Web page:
Don’t bother trying to explain this; just don’t use the word. (The same goes for all the words that follow.)


To statisticians, a significant finding is unlikely to have occurred by chance; it means something. To public health experts, a significant outbreak affects lots of people; it is widespread (or likely to spread) as well as serious. Neither of these meanings sits well with ordinary (that is, normal) people, for whom personal, emotional significance is the significance that matters.

The problem usually arises in the negative. Your analysis of the correlation between exposure to an industrial solvent and incidence of migraine shows an insignificant relationship – that is, no evidence that the solvent gives people headaches. If you use the word “insignificant,” your audience is bound to think you’re minimizing their pain. People don’t want to hear that their headache (or, worse yet, their mother’s cancer) is insignificant. Most statistical abstractions, in fact, are off-putting when talking about illness and death. People don’t want to hear that their mother’s cancer is “an outlier in a data array” either.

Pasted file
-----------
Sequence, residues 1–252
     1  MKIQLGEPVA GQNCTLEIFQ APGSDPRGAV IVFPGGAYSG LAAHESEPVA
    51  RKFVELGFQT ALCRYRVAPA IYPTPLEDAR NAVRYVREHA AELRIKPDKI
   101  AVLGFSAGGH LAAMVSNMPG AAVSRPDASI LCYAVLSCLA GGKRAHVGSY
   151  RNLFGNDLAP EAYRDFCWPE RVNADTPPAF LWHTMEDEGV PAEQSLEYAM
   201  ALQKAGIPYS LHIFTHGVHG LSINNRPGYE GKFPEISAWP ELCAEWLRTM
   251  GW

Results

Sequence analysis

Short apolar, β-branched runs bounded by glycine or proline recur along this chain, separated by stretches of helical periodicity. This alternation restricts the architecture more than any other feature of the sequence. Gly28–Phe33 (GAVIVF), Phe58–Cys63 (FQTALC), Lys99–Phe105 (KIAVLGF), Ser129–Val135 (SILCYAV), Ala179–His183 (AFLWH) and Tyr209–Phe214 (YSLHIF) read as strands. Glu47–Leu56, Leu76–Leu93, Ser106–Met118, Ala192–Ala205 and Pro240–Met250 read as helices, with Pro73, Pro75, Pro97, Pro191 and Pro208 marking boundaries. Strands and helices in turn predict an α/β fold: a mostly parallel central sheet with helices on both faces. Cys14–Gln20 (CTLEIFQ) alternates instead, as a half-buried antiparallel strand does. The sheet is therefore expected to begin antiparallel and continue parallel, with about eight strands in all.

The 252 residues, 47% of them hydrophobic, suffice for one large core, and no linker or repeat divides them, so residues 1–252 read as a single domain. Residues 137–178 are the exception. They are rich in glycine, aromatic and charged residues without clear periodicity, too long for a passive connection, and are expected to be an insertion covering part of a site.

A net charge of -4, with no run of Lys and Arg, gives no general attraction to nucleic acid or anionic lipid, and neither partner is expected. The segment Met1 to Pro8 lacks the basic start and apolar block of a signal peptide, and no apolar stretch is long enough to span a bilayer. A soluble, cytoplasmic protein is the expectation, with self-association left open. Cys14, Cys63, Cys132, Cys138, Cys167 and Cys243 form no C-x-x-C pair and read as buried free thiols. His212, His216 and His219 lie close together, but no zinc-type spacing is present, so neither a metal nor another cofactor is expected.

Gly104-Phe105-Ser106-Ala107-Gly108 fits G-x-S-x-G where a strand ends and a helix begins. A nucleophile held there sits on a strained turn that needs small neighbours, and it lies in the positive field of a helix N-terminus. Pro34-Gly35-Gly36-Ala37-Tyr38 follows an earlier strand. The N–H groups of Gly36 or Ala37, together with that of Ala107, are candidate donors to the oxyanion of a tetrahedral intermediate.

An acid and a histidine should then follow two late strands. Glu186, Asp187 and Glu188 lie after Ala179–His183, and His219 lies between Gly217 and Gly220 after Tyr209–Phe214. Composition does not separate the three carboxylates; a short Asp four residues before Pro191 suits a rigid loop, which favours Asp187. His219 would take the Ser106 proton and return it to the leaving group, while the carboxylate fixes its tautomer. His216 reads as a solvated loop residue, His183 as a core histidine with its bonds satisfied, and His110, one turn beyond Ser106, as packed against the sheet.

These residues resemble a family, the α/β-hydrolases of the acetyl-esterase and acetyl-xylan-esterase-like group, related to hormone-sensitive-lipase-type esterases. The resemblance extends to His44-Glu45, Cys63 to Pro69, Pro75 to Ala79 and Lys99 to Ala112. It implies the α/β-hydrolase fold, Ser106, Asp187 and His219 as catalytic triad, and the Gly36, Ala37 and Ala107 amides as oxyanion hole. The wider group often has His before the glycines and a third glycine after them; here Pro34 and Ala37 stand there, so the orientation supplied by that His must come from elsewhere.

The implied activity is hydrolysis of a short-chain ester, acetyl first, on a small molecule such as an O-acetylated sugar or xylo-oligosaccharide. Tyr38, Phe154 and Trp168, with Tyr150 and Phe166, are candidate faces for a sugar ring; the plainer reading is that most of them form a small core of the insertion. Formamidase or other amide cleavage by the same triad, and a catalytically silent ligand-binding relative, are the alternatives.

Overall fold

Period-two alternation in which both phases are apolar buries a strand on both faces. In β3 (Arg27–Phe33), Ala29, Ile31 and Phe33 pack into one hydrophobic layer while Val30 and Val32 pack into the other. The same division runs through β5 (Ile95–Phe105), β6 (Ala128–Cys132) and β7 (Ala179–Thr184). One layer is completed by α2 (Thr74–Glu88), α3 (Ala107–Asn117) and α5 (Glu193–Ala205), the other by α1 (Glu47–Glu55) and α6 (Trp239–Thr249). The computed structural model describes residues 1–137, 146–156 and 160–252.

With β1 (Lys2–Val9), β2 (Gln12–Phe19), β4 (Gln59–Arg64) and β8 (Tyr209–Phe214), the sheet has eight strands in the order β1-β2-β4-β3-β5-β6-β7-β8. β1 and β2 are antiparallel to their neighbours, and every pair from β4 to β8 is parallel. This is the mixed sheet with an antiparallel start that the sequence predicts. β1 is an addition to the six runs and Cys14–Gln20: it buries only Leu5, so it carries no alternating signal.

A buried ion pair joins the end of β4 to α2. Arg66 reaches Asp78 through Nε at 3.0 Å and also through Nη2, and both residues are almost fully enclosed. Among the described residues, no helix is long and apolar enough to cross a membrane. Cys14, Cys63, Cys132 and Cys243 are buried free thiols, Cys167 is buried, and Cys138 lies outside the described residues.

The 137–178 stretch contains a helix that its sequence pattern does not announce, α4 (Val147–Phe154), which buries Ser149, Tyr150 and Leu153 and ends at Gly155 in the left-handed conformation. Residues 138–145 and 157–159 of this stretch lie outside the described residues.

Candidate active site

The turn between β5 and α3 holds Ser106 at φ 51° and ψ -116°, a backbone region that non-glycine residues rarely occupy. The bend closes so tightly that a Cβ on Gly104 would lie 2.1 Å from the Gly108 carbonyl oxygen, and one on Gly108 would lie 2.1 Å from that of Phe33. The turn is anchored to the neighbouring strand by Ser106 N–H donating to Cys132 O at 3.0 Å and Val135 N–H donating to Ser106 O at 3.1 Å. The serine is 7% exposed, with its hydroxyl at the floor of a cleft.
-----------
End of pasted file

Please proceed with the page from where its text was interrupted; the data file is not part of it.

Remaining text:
Similarly, a disease that kills only a few people and isn’t infectious may not be very significant from a public health standpoint, but it is terribly significant to those grieving for the dead.


In real life, something is positive if it’s good news. But in statistics, a positive relationship means that when one variable goes up, so does the other. So what’s a positive conclusion about whether dimethylmeatloaf causes pancreatic cancer? An emotionally positive finding that it doesn’t, or a statistically positive finding that it does? And what’s a negative outcome in your study of cardiac disease impacts of working in the packing room? The bad news that there’s an effect, or the good news that there isn’t?